My mom made me promise that I wouldn’t go to Palestine when I told her I was going to Israel. I agreed, knowing full well that I would go anyways. The Middle East was on my “bucket list” for as long as I could remember (I represented Israel in Model UN!), but it wasn’t until recently that I finally made the trip happen. I knew the name Palestine. A friend from college spent a summer studying in Ramallah and the owners of my local corner store hailed from the nation. But even then I had no concrete concept of the Israel-Palestine conflict.
When I was in Tel Aviv, I booked myself a day trip with Abraham Tours to see what this land worth fighting for was all about. In order for this post to make any sense, you need some background information. The West Bank is one of three Palestinian Territories, including the Golan Heights and the Gaza Strip. The former is the only one open to tourists and the city of Jerusalem is home to both Israelis and Palestinians. There’s a lot of history and backstory to the current arrangement, but needless to say, it’s complicated. To give you a sense of just how much, we had to pick up our guide, a Palestinian, on the side of the road outside of Jerusalem proper since he couldn’t enter the city center.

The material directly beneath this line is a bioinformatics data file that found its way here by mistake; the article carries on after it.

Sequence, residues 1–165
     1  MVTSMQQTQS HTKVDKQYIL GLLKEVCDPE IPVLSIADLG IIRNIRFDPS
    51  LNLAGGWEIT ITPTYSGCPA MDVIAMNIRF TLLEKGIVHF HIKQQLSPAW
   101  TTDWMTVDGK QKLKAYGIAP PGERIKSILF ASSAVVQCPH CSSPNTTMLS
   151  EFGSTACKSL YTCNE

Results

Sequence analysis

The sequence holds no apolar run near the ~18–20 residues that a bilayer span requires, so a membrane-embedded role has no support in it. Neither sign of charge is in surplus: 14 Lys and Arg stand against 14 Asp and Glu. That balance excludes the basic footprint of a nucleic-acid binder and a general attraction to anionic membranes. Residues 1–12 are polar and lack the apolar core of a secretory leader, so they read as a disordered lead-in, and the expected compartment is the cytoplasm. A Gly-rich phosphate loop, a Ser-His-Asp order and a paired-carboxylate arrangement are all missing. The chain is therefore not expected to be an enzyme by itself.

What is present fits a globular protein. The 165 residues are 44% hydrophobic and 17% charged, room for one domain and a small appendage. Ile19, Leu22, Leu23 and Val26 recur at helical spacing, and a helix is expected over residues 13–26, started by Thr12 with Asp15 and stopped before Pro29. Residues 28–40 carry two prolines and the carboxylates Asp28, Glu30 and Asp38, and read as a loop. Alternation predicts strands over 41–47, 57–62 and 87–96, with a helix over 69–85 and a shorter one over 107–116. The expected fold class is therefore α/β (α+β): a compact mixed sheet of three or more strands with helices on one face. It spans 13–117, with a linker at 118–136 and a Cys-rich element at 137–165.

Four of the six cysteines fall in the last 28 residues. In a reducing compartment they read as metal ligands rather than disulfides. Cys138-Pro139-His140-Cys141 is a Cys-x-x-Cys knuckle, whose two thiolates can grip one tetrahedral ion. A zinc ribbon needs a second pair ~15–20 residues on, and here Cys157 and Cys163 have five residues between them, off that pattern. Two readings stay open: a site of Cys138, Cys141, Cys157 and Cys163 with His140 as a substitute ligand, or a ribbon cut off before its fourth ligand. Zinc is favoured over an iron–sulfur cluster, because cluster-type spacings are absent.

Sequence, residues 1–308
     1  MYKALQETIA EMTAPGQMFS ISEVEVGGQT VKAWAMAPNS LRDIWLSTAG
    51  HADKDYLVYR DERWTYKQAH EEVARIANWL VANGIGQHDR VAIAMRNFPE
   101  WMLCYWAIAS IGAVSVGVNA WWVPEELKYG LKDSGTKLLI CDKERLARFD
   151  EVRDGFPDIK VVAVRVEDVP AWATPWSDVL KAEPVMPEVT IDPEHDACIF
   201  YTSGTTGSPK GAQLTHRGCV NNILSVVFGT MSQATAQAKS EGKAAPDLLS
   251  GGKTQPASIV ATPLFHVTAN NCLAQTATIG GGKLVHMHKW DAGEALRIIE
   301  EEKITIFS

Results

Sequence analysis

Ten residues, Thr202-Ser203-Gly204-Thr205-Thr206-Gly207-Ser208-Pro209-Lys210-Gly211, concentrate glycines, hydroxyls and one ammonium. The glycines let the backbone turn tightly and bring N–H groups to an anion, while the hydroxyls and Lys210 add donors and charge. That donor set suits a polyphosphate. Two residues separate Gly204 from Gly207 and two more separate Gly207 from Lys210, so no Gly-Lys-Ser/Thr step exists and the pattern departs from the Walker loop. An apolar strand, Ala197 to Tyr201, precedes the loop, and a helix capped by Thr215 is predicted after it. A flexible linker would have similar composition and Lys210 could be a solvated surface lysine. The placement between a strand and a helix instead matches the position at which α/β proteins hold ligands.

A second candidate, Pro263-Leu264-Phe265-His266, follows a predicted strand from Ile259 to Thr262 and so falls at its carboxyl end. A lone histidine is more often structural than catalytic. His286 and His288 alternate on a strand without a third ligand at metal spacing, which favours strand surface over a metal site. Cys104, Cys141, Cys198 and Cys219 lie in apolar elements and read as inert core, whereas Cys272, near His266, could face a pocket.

Our journey started in Jordan River – Baptism Site, “Bethany Beyond the Jordan,” the river site on the border between Palestine and Jordan where Jesus was baptized. A number of tour buses stop here and some even hold church services. But we were warned not to wade further than the rope marker at risk of being arrested for an illegal border crossing.
The next stop was Jericho, another important city from the Bible, where the book says the walls came down because of the trumpets and horns of Joshua. Other stories from the city include where Zaccheus the tax collector watched Jesus speak and where Jesus faced temptation with Satan on the mountain. It’s also the oldest continuously inhabited city in the world and the archaeological sites there have found countless artifacts from the time of Herod and beyond at Tel Jericho. A Chinese company set up a cable car to the top of the mountain for visitors.
I’m not sure what I expected the cities of Palestine to look like, but Ramallah surprised me. It could have been located in any other Middle Eastern city. We first paid our respects at the Arafat Mausoleum, the final resting place of the president of the Palestinian National Authority, who died of a stroke in 2004. I remember seeing him on television growing up, wearing his signature checkered scarf.
Our guide brought us to the market, where people told us “welcome” in near-perfect English, not to sell us items, but genuinely welcoming. The produce they sold was the best I’ve ever seen or tasted, the freshest oranges. There were dozens of knockoffs of Western brands like SabWay, Arab Fried Chicken, and Stars & Bucks Cafe.